In this play, Strepsiades who is full of debts as a result of his son’s obsession with horse racing convinces his son Pheidippides to enroll at the Thinkery and learn tricks of evading or dealing with creditors in court. The sophists at this school were Socrates and his friend the Chaerephon who had made a lot of scientific discoveries.
Euthyphro’s first response: “Piety is doing as I am doing”, which was prosecuting his father who is guilty of murder; so impiety then is to do otherwise. Unsatisfied with this definition, Socrates claimed that it could hardly suffice as a definition of piety.
So begins a dialogue between Socrates and Euthyphro discussing mainly, the topic of holiness. Euthyphro is a dogmatic man who insists on following the set rules. He has come to court because he is pressing charges against his father on accounts of murder.
The responsibility of employing a pious or religiously legal deed fell on him after the Athenian spiritual interpreters failed to confer with his father in time to settle legal matters concerning the person at fault. Socrates, on the other hand, acknowledges in truth that a man who is capable of prosecution ought to specialize in affirming what “piety” is.
The following analysis will briefly engage a discussion of the highlights of the work as well as seek to draw a level of inference with regards to what, if any, final definition of holiness/piety can be drawn from the back and forth discussions of these two men.
Apparently, the worker had killed one of his father’s slaves. Consequently, his father ordered him bound, gagged and put in a ditch to await religious interpretation of appropriate course of action. The man died while in the ditch prompting Euthyphro to file a manslaughter case against his father.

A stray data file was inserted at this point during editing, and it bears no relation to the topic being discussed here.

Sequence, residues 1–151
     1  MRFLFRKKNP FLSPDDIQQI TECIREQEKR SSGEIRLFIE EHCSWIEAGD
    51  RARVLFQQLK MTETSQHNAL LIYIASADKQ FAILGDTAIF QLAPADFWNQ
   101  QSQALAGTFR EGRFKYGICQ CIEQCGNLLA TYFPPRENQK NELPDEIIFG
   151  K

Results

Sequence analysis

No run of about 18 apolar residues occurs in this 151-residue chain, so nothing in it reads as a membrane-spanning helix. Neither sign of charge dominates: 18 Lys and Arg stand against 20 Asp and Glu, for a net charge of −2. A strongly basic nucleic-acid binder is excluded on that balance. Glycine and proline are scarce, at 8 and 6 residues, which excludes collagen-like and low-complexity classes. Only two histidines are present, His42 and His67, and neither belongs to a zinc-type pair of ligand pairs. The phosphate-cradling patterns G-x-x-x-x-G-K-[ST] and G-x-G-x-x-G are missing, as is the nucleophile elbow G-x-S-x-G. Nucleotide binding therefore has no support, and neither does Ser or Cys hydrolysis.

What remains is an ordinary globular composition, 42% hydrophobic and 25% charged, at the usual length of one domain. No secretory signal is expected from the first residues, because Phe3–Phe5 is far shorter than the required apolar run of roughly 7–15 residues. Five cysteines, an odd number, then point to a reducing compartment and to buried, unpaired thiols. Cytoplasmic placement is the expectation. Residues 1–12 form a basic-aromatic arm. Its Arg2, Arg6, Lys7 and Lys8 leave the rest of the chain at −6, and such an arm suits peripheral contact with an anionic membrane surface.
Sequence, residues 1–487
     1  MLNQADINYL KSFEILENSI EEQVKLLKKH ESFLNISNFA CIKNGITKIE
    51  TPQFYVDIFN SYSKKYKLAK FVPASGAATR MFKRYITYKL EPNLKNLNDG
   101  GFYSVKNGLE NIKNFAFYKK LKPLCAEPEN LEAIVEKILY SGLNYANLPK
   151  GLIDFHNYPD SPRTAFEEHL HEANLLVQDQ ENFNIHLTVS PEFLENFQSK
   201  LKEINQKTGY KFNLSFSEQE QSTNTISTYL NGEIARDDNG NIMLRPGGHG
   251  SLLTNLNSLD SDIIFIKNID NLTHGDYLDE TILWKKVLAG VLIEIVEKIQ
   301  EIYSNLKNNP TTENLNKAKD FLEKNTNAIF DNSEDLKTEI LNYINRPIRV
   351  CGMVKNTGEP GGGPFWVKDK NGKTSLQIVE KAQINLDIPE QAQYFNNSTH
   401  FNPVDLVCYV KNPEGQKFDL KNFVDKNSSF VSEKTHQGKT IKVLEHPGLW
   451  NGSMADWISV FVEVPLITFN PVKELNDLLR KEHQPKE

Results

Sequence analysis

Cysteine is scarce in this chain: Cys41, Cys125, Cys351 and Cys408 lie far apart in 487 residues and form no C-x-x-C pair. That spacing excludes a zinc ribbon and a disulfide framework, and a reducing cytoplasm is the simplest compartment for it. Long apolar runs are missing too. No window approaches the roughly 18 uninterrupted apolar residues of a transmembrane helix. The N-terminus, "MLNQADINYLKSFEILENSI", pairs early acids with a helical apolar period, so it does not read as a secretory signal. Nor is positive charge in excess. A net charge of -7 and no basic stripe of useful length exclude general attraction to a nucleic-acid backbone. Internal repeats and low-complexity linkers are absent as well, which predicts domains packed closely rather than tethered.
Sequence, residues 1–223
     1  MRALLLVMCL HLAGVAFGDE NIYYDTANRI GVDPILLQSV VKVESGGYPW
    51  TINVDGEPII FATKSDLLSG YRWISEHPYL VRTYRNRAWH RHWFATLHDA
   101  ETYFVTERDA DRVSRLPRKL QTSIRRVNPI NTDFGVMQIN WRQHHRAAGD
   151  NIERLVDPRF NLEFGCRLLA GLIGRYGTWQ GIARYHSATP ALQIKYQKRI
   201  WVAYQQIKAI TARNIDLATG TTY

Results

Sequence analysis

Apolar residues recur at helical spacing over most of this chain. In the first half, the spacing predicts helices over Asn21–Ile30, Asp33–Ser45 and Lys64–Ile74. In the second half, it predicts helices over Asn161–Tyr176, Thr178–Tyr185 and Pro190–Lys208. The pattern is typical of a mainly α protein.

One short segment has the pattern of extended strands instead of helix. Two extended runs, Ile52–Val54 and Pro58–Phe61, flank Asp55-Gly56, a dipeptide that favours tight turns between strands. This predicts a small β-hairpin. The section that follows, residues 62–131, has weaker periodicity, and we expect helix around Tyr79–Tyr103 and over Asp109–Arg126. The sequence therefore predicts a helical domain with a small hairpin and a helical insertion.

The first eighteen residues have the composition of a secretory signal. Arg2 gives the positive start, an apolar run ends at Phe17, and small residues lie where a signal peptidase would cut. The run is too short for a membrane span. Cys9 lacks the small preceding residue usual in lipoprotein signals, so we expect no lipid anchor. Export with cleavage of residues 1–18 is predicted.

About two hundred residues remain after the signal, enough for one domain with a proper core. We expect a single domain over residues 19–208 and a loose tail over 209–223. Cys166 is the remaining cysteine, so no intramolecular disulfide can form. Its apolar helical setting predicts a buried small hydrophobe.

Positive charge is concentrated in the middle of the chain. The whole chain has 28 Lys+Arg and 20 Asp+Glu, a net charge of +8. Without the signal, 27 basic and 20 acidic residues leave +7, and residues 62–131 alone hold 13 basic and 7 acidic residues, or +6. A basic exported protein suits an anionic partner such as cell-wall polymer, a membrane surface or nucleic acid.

Euthyphro goes to court to implicate his father in a murder case whereas Socrates is there because he is accused of corrupting the young generation by his impiety. The interrogative dialogues raise three pertinent views
For example, some of the important aspects of human nature that characterize mans existence on earth can be found in the problem of trying to find out what is virtue. In order to expose the problem of man’s continuous search for knowledge,
According to him, this shows that God is similar to human beings. He asserts that fitting of means to ends throughout nature is similar to the manner in which human beings fit means to ends of things through human design, thought and wisdom. Using the rule of analogy, Cleanthes explains that because the effects are similar, so are the causes.
4 pages (1000 words)Essay